Mary, who had begun sprouting gills after all her seafood dishes, decided to go for the pork chop stuffed with sausage (the heart attack special, we called it), and she also had the requisite potato balls.
My motto on this trip was “You can never have too much Gorgonzola,” so I had the beef with Gorgonzola sauce, along with sautéed mushrooms and a salad.
By the time we had finished our meal, the girls were pooped and went back to the rooms, but Kim and I had a quest. Unbeknownst to me, Kim’s only quest was to watch me have a drink. The entire trip, I had wanted to try a drink called Slivovitz.
I had stolen the following quote from somewhere online and had it in my notes: “Real Slivovitz contains between 50 and 70% alcohol and can make even hardened drinkers cough and splutter. It will also burst into flames if you wave a lit match over the glass. Good Slivovitz should be served in a snifter like any other fine brandy, while low-grade Slivovitz should be swilled like any other cheap intoxicant.” Yeah baby, bring it on!
Kim finally decided to join me in a shot of Slivovitz, so he asked the bartender if he liked the stuff. “Oh no, no; not at all. I wouldn’t drink it,” the bartender answered. Ok, that was not an overwhelming endorsement, but it did not deter us from the task at hand.
The following is what happened to the best of my hazy recollection.
Although it was served in a snifter, I decided to go the “swilled like any other cheap intoxicant” route and chug it down, which I did. In an instant my face turned bright red, I began sweating and the hair on my body stood on end and saluted as if an honor guard was passing in front of me. If anyone had been smoking in my general vicinity, the hotel would have exploded into flames. Now I know how The Incredible Hulk felt during his body transformations.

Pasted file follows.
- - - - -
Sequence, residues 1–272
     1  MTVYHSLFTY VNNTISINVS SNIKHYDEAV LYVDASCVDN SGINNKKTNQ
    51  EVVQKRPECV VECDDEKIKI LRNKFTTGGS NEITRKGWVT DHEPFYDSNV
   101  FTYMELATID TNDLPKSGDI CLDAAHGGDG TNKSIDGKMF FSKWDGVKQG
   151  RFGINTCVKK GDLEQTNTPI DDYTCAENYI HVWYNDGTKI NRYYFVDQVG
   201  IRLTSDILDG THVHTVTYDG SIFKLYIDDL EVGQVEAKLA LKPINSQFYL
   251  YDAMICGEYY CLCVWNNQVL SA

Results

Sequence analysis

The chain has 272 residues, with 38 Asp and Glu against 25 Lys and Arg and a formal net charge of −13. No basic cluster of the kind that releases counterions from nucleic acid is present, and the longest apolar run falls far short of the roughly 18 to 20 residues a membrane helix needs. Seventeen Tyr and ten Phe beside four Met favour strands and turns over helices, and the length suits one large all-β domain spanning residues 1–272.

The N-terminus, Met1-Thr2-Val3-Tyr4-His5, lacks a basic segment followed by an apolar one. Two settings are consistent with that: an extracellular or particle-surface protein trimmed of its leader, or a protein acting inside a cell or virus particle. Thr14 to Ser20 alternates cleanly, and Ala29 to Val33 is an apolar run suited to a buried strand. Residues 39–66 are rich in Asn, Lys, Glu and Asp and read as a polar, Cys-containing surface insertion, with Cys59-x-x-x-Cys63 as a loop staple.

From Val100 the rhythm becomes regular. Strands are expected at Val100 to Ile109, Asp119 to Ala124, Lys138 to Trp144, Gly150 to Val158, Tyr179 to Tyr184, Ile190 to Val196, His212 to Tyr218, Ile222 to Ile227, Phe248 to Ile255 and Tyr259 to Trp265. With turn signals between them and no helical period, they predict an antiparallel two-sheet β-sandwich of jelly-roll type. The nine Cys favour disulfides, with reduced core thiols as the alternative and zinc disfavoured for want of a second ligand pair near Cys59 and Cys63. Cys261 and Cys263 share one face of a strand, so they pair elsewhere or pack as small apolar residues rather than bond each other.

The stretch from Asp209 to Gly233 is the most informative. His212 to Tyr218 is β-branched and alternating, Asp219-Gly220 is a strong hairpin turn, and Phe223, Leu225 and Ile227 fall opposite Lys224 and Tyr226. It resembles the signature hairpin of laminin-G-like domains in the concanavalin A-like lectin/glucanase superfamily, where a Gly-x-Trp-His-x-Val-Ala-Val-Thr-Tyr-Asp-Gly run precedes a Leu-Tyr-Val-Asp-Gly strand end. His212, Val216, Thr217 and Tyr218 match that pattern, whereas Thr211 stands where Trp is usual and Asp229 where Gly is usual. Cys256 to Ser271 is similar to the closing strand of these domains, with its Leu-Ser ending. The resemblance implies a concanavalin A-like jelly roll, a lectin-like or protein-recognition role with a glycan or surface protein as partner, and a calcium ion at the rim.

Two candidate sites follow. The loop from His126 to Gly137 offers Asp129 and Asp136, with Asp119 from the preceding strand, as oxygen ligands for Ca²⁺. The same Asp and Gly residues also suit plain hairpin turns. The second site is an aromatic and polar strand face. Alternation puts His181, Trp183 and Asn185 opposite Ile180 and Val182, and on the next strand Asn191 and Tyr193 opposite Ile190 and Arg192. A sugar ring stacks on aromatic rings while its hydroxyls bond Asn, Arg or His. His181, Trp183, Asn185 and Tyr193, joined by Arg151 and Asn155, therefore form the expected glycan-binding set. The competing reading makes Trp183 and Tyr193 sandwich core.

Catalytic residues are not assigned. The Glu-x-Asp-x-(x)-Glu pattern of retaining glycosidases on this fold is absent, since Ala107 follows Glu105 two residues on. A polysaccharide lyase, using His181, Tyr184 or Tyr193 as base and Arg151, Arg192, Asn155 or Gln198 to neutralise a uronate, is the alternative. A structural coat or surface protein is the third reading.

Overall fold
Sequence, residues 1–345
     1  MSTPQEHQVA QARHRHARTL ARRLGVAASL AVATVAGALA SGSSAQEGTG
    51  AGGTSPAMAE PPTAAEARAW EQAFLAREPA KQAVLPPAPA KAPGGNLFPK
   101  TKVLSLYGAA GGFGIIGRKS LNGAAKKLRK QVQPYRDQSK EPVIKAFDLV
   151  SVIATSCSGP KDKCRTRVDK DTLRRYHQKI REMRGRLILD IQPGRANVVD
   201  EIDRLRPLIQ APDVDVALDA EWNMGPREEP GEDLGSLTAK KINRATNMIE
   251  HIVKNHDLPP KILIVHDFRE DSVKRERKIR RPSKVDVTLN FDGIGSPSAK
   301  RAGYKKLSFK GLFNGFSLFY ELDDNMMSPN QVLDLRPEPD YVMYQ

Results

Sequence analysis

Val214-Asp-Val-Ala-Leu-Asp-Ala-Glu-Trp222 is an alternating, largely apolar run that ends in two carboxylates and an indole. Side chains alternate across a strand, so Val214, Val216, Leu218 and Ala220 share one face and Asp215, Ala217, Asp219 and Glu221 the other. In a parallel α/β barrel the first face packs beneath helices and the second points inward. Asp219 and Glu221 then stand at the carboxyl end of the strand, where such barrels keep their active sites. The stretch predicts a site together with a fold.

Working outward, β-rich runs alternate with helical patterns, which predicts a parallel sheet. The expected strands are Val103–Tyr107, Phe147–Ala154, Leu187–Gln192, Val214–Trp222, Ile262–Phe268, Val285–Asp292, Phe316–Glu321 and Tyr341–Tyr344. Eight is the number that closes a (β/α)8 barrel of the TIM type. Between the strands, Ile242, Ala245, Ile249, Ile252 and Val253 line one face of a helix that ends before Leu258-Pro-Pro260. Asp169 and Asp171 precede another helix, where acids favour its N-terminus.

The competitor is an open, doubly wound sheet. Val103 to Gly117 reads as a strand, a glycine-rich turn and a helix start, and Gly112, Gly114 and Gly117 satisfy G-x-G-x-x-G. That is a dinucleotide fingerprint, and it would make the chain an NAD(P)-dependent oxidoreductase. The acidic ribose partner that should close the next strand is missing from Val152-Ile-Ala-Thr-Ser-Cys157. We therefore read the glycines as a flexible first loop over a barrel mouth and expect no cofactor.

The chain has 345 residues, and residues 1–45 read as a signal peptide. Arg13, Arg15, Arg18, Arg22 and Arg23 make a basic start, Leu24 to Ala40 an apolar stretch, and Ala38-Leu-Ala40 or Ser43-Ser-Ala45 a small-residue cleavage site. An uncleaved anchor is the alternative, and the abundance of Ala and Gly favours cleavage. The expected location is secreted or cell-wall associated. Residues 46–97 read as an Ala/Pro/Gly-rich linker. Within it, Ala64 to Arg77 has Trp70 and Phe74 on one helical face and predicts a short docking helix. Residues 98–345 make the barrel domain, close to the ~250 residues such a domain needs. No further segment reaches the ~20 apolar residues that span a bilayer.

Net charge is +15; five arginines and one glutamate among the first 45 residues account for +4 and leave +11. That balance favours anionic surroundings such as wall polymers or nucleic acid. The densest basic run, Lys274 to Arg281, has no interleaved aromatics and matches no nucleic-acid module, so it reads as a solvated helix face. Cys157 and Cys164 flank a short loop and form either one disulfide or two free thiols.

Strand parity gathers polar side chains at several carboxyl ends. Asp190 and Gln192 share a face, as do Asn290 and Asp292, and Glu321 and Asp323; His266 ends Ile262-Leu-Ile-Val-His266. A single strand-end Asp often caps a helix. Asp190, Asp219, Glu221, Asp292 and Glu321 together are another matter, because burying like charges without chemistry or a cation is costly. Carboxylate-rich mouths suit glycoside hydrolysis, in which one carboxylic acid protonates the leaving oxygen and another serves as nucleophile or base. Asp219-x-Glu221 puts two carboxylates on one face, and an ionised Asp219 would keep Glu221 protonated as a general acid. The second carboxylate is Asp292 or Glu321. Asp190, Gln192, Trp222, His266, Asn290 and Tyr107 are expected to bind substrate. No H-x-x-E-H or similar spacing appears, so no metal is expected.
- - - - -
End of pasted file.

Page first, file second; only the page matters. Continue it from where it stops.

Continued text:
I also believe I gasped, but right at that moment I was somewhere in limbo between a seizure and a coma. I do have the hazy recollection of Kim and the bartender doubling over in laughter at my alcoholic plight. The good news was that I had not burst into a fireball and that I still retained most of my internal organs.
When I regained my eyesight and 25% of the rest of my faculties, Kim and I walked, slowly, back to our rooms. Tracy was heavily involved in her reading, but took the time to ask, “How did the slivovitz experiment go?” She then looked up from her book, saw my slivovitz-induced, flushed face, and in her best Rosanne Rosanna Danna imitation said, “Never mind.”
After brushing my teeth for the next couple of hours (slight exaggeration) and staying away from any flammable materials that might be in the room, we slipped into a tranquil sleep in peaceful Plitvice.
My recommendation to anyone who travels to this part of the world is, “Do not miss Plitvice!” And, oh yeah, skip the Slivovitz!
Next: Day Nineteen – Good Day Not To Be A Pig, Lovely Ljubljana, Bush Whacked, Great B&B, Down By The Lazy River And Dining Al Fresco